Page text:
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 user 2008-06-19 at 11:33:14 am Views: 94
  • #20225

    HP plans overhaul of lucrative printer division
    Without detailing how it will restructure the unit, based largely in the Northwest, the company hopes to cut costs and develop new markets
    Thursday, June 2008 Hewlett-Packard Co. said Wednesday that it plans to overhaul its hugely profitable printer division, cutting costs as it pursues new markets. The company declined to detail how its changes would affect jobs in the printer group, which is the focal point of HP’s substantial operations in the Northwest.”We’re going to rebalance the work force as necessary to match the new structure,” Ryan Donovan, an HP spokesman, said at the company’s headquarters in Palo Alto, Calif.Printers, scanners and related products produced one-quarter of HP’s $104 billion in revenues last year, and nearly half of its $9.6 billion operating profit. The company invented its inkjet technology in Corvallis, and printers have remained the focus of operations there and at campuses in Vancouver and Boise.

    HP employees in the Northwest have been anticipating job cuts for several weeks after the company told Corvallis workers it planned to shift some Oregon manufacturing overseas and make other changes. It’s not clear whether Wednesday’s shake-up is related to those earlier initiatives.HP has an estimated 3,500 employees in Idaho, 2,500 in Corvallis and as many as 1,800 in Vancouver.The printer group’s new structure is designed to focus HP on what the company calls “Print 2.0. ” The initiative is a bid to make printing more efficient and to expand HP beyond its core inkjet, laser printer and scanner businesses, which are becoming more competitive and less profitable as those products mature. Xerox, Lexmark and other companies compete with HP in various parts of the printer business.In particular, HP hopes to provide tools for corporate customers to measure their printing costs and productivity. It also plans to enter new markets in large-format, commercial printing, and on smaller surfaces such as pills.After the restructuring, HP said its printer groups will be divided into three markets: Consumers, corporations and print services.The consumer group will be led by Steve Nigro, HP’s senior executive in Corvallis. It will focus on inkjet hardware, retail publishing and ink supplies, among other products.Amid HP’s pursuit of new printer markets, Pacific Crest Securities analyst Brent Bracelin said the company’s cost-cutting plans puzzle him.”Given that it’s the most profitable division, I can’t imagine there’s a lot of fat to cut,” he said.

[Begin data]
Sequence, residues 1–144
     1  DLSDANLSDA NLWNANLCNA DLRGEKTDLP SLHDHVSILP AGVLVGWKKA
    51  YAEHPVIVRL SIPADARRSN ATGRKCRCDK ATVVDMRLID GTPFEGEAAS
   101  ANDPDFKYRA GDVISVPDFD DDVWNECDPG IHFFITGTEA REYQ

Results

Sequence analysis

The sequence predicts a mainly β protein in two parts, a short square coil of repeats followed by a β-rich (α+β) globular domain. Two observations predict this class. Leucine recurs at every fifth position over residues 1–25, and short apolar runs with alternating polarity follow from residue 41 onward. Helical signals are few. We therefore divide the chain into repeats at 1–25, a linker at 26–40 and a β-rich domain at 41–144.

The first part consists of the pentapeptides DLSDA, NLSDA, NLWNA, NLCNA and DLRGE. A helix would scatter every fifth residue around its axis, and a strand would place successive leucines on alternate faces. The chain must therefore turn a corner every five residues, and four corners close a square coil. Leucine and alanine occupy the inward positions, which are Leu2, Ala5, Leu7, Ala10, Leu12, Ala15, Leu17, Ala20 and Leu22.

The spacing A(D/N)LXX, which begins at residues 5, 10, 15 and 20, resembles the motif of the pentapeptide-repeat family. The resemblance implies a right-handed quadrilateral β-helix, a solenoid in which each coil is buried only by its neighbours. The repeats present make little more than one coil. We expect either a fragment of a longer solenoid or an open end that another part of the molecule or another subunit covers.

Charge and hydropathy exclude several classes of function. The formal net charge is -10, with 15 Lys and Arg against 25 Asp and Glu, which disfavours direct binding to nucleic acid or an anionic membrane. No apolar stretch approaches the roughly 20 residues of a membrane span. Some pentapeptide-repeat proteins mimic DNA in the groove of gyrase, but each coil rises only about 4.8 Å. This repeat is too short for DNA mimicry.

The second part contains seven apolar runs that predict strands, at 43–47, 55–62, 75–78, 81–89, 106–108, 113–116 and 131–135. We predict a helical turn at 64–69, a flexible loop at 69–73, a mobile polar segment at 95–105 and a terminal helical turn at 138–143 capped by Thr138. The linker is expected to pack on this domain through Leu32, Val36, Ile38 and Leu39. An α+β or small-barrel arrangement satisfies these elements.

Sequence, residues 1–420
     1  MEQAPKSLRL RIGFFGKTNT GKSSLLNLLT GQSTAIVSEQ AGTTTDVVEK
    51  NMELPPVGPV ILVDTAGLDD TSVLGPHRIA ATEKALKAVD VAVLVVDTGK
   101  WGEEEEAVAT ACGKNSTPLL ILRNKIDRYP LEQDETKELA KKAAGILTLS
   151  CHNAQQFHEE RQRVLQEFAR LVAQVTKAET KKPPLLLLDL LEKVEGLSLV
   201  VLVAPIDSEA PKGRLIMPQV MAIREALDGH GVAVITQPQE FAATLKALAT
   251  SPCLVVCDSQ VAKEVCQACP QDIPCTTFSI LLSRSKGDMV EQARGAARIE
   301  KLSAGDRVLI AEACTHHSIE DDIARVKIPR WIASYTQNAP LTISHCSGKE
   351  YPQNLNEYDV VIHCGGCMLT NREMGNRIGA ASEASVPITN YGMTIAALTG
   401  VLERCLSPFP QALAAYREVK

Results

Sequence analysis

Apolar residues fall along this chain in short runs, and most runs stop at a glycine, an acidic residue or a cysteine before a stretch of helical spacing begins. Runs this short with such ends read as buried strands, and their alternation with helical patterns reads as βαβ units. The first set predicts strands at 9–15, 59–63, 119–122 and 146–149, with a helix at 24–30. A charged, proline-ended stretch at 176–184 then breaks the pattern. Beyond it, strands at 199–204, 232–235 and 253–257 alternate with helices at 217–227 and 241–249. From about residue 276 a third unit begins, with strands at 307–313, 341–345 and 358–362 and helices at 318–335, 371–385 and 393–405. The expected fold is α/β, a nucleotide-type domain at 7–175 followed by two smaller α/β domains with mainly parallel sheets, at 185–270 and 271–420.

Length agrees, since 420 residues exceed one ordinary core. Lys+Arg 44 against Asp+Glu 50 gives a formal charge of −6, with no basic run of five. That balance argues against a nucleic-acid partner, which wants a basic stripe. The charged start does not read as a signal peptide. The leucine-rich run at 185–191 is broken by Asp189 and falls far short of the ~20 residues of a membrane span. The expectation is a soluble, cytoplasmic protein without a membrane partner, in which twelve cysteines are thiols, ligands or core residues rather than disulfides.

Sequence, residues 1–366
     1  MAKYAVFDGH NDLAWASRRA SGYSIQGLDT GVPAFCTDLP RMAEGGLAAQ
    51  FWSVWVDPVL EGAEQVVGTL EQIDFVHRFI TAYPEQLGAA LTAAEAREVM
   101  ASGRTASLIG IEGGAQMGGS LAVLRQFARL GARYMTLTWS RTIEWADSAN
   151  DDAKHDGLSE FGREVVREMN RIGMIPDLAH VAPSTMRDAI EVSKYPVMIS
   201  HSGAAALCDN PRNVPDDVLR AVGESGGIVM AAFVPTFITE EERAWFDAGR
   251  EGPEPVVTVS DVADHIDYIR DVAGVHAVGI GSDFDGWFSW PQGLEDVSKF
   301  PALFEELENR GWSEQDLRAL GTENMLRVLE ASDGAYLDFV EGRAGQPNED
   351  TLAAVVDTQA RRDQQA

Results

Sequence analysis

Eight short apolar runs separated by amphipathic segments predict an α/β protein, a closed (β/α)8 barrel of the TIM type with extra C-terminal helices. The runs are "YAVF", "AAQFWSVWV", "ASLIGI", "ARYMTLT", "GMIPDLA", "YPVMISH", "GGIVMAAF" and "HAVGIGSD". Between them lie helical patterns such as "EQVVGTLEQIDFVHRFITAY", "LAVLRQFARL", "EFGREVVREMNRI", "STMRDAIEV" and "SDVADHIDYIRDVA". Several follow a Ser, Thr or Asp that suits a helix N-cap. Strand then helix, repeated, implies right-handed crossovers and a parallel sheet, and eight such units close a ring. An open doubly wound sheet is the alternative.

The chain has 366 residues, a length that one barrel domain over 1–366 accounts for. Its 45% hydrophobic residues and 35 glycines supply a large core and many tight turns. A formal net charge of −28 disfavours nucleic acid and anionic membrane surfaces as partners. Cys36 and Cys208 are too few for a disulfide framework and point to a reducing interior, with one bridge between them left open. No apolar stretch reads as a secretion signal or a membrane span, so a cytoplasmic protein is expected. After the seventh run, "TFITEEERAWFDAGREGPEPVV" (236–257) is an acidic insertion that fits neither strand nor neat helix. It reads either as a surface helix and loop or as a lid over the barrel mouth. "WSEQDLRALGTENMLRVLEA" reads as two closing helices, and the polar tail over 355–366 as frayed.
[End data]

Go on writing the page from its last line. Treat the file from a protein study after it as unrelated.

HP chief executive Mark Hurd has already cut costs in other HP divisions, helping pull those groups out of the red and substantially improving the company’s overall profitability. Bracelin said he suspects that Hurd’s focus is now turning to printers.”The microscope is now being applied to the printer business,” he said. “I think that’s the new way of competing in what’s increasingly a global economy.”Donovan, the HP spokesman, said that by becoming more efficient the company plans to save money to invest in new areas.”Just because you cut costs in a growth market doesn’t mean you can’t pursue that market,” Donovan said.